There are many cases which would benefit from judicial decision making of preliminary issues. In those cases, settlement would be promoted, and the litigants would probably feel more comfortable that someone had actually prepared their case adequately for a hearing (nothing sharpens a litigator’s attention like a hearing) and that they have had the mini-catharsis of some kind of judicial determination. Settlement would be promoted either because the collapse of resolve which is so often a feature of trial eve would come sooner and the hearing would prompt the settlement, or because the issues would be attenuated by the decision in the hearing. Hopefully, one or more of the critical issues standing between the parties would be removed. Of course settlement in the realm of 50/50 would not be promoted by such attenuation. One side would usually lose out on the preliminary determination. Settlement which better reflected the likely outcome if the whole matter were tried would be promoted, rather than the kind of settlement the present system often promotes — settlement which reflects the diligence and skill of the opposed lawyers and the comparative financial resources and bloody mindedness of the litigants.
What Justice Hoeben said was:
’17 UCPR 28.2 provides:
“28.2 The Court may make orders for the decision of any question separately from any other question, whether before, at or after any trial or further trial on the proceedings.”
There is no issue that the Court has power to make the order sought by the defendants.
18 Under the common law, courts have been reluctant to order separate hearings on liability unless there is a clear line of demarcation between that issue and damages. A clear example of that reluctance can be seen in Tepko Pty Limited & Ors v Water Board (2001) 206 CLR 1 at  –  where Kirby and Callinan JJ said:
“ The attractions of trials of issues rather than of cases in their totality, are often more chimerical than real. Common experience demonstrates that savings in time and expense are often illusory, particularly when the parties have, as here, had the necessity of making full preparation and the factual matters relevant to one issue are relevant to others, and they all overlap.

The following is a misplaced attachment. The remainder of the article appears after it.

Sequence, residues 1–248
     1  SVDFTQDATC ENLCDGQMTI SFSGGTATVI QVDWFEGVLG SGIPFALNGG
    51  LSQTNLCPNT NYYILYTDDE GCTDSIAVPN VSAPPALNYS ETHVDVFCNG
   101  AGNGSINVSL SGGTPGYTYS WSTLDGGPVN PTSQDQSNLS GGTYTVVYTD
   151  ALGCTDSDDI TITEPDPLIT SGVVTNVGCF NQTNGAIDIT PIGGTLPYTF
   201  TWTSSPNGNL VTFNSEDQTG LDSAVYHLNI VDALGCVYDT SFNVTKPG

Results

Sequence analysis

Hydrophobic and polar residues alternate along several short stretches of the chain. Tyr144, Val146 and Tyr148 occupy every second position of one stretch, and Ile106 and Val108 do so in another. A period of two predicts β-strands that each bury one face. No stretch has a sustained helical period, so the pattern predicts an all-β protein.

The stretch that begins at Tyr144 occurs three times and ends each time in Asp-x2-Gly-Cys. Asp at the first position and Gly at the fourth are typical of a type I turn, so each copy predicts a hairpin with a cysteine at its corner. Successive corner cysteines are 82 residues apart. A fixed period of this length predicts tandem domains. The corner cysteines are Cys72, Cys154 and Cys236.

The second and related comment is this. A party whose whole case is knocked out on a trial of a preliminary or single issue, may suspect, however unjustifiably, that an abbreviated course was adopted and a decision reached in the court’s, rather than the parties’, interests.
 Thirdly, there is an additional potential for further appeals to which the course of the trial on separate issues may give rise. Indeed, that could occur here were this appeal to be allowed and a retrial had in which the remaining issues of causation and damages were decided. Single-issue trials should, in our opinion, only be embarked upon when their utility, economy, and fairness to the parties are beyond question. “
19 As the defendants have pointed out, since those observations in Tepko, the Civil Procedure Act 2005 has come into force in New South Wales. Sections 56 – 62 of the Act make it clear that considerations of justice have to be tempered by the objectives of case management and the need for proportionality of costs.
20 This change in emphasis was succinctly summarised by Brereton J in Integral Home Loans Pty Limited & Anor v Interstar Wholesale Finance Pty Limited & Anor  NSWSC 1464:
“ While much has been said against the resolution of separate questions in Courts of high authority, nonetheless, since the (NSW) Civil Procedure Act 2005, it is my view that the Court should take a more interventionist role in identifying and separating important issues which can resolve significant parts of the litigation expeditiously.”
21 His Honour’s comments have been adopted and applied in a number of other first instance decisions: Commonwealth Bank of Australia v Clune & Anor  NSWSC 1125 per Johnson J; Barbara O’Sullivan v Challenger Managed Investments Limited  NSWSC 602 per Einstein J; and Vero Insurance Limited v Tran  NSWSC 166 per Hamilton J.’